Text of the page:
A 62-year-old woman presents to her family doctor with intermittent heartburn and early satiety with epigastric discomfort immediately following meals. She had no previous related surgery. An upper GI series (UGIS) was performed.
The abnormality on the adjacent UGIS image most likely represents:
a) Ménétriers disease (hypertrophic gastropathy)
b) large calcified right lower lobe lung mass
c) gastric lymphoma
d) small bowel malrotation
e) paraesophageal hernia with gastric volvulus
Theres barium opacification of the distal esophagus and stomach, extending through into the proximal duodenum. Most of the stomach is actually in the lower thoracic cavity, following complete 180° rotation on its long axis through a large hiatus at the gastroesophageal (GE) junction. The barium has passed back through the pylorus region into the duodenum, in its normal position in the abdomen.
The correct answer is (e): paraesophageal hernia with gastric volvulus.
Gastric volvulus is defined as an abnormal degree of rotation of one part of the stomach around another due to a congenital absence or laxity of intraperitoneal visceral ligaments. The abnormality typically involves rotation of all or part of the stomach by more than 180º, which may lead to a closed-loop obstruction and possible strangulation. There is usually an associated hiatus in the diaphragm and as the stomach herniates into the chest beside the distal esophagus (paraesophageal), it also rotates. Symptoms result from food and air distending the herniated gastric segment and range from mild ab-dominal pain and vomiting, when no obstruction is present, to severe pain, retching and possible sepsis when there is complete obstruction and ischemia. The mortality rate for acute gastric volvulus (with ischemia leading to gastric perforation) is reportedly 42-56%. The mortality rate for chronic gastric volvulus is 10-13%.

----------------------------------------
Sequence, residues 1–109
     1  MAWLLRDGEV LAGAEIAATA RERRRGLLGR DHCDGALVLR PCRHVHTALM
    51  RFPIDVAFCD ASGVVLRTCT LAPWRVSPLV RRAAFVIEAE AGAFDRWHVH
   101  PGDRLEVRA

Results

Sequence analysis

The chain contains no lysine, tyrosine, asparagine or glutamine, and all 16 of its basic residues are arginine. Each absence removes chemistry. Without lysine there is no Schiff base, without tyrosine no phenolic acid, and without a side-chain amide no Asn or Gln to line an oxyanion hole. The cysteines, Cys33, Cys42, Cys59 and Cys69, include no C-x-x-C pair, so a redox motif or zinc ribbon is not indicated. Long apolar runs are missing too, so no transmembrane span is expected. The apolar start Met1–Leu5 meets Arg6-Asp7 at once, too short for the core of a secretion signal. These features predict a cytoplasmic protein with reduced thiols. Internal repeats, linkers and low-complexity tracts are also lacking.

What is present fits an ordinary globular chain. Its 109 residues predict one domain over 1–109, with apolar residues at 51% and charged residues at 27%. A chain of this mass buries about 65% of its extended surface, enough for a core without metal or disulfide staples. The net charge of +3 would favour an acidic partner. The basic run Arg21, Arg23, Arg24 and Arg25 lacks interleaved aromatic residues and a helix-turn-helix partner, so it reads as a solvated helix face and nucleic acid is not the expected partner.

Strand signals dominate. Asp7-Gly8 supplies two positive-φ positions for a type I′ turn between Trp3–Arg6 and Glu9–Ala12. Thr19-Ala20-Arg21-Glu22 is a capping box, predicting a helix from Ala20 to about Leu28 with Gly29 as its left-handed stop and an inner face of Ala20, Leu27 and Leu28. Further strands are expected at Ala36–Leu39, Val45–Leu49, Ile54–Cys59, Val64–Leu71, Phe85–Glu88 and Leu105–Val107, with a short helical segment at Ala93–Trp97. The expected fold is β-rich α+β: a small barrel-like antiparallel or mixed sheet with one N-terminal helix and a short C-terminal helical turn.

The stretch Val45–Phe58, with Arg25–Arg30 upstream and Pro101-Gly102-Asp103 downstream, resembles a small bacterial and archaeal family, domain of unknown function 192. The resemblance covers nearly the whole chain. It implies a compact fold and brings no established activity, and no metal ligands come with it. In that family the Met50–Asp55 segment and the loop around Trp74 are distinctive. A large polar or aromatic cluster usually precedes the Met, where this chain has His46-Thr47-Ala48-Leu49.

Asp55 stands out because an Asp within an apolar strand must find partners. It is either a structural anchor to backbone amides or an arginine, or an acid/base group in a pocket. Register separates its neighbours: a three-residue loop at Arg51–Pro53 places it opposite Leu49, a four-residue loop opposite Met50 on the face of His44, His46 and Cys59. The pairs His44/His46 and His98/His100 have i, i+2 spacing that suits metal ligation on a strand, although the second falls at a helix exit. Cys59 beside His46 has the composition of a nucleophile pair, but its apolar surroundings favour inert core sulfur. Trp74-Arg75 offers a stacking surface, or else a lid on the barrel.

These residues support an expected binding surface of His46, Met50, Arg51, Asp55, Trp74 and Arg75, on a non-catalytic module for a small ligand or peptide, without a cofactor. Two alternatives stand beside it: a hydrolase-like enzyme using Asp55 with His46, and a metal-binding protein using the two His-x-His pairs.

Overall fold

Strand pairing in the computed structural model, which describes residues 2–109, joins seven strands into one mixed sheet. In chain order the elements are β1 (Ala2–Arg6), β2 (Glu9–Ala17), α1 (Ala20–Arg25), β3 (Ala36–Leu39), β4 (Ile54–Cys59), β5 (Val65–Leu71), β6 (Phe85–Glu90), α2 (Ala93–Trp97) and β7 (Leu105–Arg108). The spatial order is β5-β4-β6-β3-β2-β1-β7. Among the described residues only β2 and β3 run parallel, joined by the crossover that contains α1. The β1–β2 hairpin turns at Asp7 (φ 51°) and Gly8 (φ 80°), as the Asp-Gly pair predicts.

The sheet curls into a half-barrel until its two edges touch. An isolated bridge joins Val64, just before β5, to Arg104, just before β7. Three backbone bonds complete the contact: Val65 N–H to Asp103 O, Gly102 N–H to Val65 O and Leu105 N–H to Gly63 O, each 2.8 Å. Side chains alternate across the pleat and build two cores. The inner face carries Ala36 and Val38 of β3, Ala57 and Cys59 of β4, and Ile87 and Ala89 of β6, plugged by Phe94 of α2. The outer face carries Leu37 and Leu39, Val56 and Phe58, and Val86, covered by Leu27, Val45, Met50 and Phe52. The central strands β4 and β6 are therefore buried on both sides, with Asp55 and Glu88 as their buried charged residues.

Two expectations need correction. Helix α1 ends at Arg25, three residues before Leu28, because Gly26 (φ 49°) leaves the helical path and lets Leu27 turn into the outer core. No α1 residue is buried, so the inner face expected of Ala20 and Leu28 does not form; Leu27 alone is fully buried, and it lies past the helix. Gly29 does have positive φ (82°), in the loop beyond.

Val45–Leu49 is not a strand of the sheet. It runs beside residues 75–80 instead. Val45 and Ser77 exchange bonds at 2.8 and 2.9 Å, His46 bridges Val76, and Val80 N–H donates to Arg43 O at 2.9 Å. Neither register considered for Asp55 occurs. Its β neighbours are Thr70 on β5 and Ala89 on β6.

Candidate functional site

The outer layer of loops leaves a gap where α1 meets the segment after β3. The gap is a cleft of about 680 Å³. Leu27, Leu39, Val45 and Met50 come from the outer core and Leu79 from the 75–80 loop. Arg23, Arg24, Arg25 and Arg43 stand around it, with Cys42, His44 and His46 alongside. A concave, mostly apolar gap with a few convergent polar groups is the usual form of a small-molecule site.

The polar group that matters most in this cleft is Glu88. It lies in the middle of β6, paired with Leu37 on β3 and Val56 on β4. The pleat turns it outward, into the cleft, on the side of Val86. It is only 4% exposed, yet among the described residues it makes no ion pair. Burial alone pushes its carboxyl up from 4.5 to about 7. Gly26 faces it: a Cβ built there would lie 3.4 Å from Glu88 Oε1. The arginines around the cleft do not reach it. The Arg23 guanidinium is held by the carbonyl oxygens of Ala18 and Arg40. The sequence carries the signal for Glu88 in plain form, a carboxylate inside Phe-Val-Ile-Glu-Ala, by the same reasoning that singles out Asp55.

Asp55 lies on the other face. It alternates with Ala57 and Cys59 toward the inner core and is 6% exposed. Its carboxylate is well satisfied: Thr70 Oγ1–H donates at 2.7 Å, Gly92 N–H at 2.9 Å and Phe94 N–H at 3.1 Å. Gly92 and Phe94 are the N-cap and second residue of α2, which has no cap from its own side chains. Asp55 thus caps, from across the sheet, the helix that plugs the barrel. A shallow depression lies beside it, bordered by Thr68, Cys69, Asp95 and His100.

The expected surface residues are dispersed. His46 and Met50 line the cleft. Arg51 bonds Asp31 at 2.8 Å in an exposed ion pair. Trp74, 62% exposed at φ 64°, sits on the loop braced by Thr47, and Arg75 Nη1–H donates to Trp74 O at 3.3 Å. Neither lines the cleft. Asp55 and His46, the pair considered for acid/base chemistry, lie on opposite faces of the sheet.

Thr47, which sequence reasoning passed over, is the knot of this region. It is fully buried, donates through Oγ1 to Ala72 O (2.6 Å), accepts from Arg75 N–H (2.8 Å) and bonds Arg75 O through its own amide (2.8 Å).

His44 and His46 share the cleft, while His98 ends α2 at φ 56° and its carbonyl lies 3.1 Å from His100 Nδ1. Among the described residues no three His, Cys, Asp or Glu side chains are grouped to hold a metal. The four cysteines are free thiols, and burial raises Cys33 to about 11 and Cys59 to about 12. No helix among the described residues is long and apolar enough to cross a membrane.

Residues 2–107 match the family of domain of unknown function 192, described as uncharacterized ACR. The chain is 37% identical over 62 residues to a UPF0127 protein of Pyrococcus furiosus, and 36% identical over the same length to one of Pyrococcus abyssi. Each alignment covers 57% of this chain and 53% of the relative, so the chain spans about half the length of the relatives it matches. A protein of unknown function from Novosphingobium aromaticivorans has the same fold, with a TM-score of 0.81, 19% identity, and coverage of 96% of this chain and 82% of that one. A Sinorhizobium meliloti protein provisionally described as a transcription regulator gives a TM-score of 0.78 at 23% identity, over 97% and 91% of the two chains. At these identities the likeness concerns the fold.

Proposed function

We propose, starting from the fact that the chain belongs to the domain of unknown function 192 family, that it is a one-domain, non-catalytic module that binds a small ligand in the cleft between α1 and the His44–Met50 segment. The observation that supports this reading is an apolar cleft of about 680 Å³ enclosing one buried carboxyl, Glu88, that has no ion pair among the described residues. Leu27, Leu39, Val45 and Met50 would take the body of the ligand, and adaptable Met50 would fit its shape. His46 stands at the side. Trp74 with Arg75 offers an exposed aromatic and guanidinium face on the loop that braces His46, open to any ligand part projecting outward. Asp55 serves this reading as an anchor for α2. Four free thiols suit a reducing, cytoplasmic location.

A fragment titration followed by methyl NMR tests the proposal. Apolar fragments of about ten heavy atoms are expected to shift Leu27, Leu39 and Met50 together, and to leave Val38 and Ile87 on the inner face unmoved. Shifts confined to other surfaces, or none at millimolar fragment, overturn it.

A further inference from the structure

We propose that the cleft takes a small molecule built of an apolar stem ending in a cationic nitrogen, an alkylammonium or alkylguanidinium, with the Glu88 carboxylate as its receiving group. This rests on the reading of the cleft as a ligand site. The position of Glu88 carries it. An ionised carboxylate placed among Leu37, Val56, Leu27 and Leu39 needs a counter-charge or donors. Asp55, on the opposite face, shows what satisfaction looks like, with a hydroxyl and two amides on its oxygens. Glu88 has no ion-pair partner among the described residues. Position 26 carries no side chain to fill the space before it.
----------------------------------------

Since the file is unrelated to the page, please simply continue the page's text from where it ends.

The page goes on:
The treatment of a symptomatic patient with an intrathoracic stomach is usually surgery. If ob-struction occurs, emergent surgery is indicated. Because of the high morbidity and mortality rates that accompany complications, some surgeons advocate elective surgery for asymptomatic patients if they are good operative candidates. The results of elective repair of paraesophageal gastric volvulus are good, with low morbidity and mortality rates.
The classic clinical triad of gastric volvulus consists of severe epigastric pain, retching without vomiting and inability to pass a nasogastric tube. The definitive imaging study is the upper GI barium study.
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